Thursday, July 31, 2008

T V Jul 31-Defiant Karadzic in U.N. court

Jul 31 - Former Bosnian Serb leader Radovan Karadzic appeared before a U.N. war crimes judge for the first time on Thursday (July 31) to answer genocide charges.

Karadzic, who was arrested last week after more than a decade on the run, faces war crimes charges, including two counts of genocide over the 43-month siege of Sarajevo and the 1995 massacre of some 8,000 Muslims at Srebrenica.

The leader of Bosnian Serbs during the 1992-95 Bosnia war is the most prominent Balkan war crimes suspect arrested since late Serbian President Slobodan Milosevic, who died in detention in 2006 before his trial ended.

T V Jul 31-Bush: Iraq combat tours to be cut

Jul 31 - U.S. President W. Bush has announced that the length of combat tours for U.S.forces in Iraq is to be cut from 15 to 12 months.

Bush made the announcement during a brief statement on Iraq at the White House on Thursday (31 July 2008).

He said violence in Iraq had fallen to its lowest point since the spring of 2004 and that progress on the ground was showing a "degree of durability."

T V Jul 31-Bush: Prospect of troop cuts

Jul. 31 - President Bush called progress in Iraq "encouraging" and held out the prospect for more troops cuts to come.

Five U.S. soldiers have been killed in combat in Iraq this month compared with 66 in the same month last year, according to the independent website icasualties.org, which keeps records of U.S. military losses in the conflict.




Wednesday, July 30, 2008

T V Jul 19-Temple tensions high ahead of talks

Jul 19 - Thailand and Cambodia say they are willing to negotiate over a disputed temple site as troop numbers escalate.

Both sides are due to hold talks on Monday to resolve the latest row over the ancient temple site which the International Court of Justice ruled in 1962 belonged to Cambodia, a decision which still angers many Thais.

Tuesday, July 29, 2008

July, 29, 2008 Cambodia and Thailand


PHNOM PENH - Cambodian Prime Minister Hun Sen said on Tuesday he would not withdraw troops and artillery from a disputed 900-year-old temple on the Thai border until Thailand started to pull back its forces.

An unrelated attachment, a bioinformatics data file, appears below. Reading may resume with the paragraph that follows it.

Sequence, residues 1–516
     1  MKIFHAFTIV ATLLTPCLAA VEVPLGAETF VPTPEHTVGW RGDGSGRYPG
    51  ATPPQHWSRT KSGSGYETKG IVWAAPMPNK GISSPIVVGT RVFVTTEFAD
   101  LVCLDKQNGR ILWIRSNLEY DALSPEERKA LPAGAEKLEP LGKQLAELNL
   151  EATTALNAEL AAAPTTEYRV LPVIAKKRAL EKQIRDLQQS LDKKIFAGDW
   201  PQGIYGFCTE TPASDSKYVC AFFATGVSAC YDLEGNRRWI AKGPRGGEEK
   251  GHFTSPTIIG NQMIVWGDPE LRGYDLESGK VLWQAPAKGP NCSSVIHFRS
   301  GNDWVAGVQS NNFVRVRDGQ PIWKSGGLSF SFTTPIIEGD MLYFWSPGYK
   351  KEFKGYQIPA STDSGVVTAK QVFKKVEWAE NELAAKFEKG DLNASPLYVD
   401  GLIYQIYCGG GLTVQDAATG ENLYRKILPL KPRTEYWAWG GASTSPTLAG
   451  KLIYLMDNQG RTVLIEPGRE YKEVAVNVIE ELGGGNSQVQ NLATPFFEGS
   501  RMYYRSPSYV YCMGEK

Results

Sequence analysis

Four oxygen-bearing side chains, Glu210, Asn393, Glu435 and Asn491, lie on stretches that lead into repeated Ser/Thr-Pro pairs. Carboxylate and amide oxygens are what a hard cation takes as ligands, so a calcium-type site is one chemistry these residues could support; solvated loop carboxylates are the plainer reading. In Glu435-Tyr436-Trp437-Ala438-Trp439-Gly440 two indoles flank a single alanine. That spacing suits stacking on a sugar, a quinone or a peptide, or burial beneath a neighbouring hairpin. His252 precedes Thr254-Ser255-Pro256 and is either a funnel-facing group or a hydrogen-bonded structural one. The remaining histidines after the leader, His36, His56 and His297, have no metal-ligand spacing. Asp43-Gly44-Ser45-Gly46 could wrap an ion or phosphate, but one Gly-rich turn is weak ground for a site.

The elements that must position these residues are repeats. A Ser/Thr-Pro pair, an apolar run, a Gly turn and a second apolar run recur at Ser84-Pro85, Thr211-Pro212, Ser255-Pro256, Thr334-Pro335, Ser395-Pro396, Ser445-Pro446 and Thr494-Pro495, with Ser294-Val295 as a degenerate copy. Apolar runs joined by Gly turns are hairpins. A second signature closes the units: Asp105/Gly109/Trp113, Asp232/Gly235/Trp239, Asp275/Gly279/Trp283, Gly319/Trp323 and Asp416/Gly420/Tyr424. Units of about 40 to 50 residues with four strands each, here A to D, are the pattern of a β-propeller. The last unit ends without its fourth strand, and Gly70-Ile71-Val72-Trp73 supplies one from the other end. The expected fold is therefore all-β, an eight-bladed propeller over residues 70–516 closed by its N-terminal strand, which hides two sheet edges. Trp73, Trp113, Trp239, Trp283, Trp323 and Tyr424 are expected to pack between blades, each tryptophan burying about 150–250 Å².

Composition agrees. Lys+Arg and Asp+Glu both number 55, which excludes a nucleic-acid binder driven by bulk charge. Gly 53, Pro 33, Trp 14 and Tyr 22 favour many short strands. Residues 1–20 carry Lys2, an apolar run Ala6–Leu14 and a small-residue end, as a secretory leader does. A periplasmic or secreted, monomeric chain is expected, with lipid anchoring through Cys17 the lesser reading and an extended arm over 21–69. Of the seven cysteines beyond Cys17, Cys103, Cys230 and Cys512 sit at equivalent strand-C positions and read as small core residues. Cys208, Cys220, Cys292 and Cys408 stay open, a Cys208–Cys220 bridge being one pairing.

"It is a matter of when the Thais remove their troops," Hun Sen, who won another five years in power with a landslide election victory at the weekend, told reporters at Phnom Penh's Foreign Ministry.

The two southeast Asian nations' foreign ministers agreed on Monday to resolve the spat peacefully and scale back a two-week military build-up around the Preah Vihear ruins, awarded to Cambodia in 1962 by the International Court of Justice, a ruling that has rankled in Thailand ever since.

However, Thailand's cabinet, which is reeling from court decisions against several ministers and a long-running street campaign to remove it from power, issued no directives to the military after a weekly meeting on Tuesday.

Army chief Anupong Paochinda told reporters he was waiting for a government order to pull out the troops after both sides agreed to "redeploy" out of the disputed area on the jungle-clad escarpment that forms the natural border.

"When the government says withdraw, we will immediately do so," Anupong said.

Hun Sen's election victory means he does not have to pander to a nationalist clamor to tough it out with Cambodia's larger neighbor, although the wily former Khmer Rouge guerrilla has little to gain by being seen as the first to blink.

The Thai government faces similar nationalist pressures and is in a considerably weaker position at home than Hun Sen.

The spat first started when anti-government protesters in Thailand seized on Bangkok's backing for Cambodia's bid to have Preah Vihear listed as a World Heritage site, whipping up a nationalist fervor in Thailand.

Monday's 12 hours of talks in the Cambodian resort town of Siem Reap helped relieved fears of a military clash.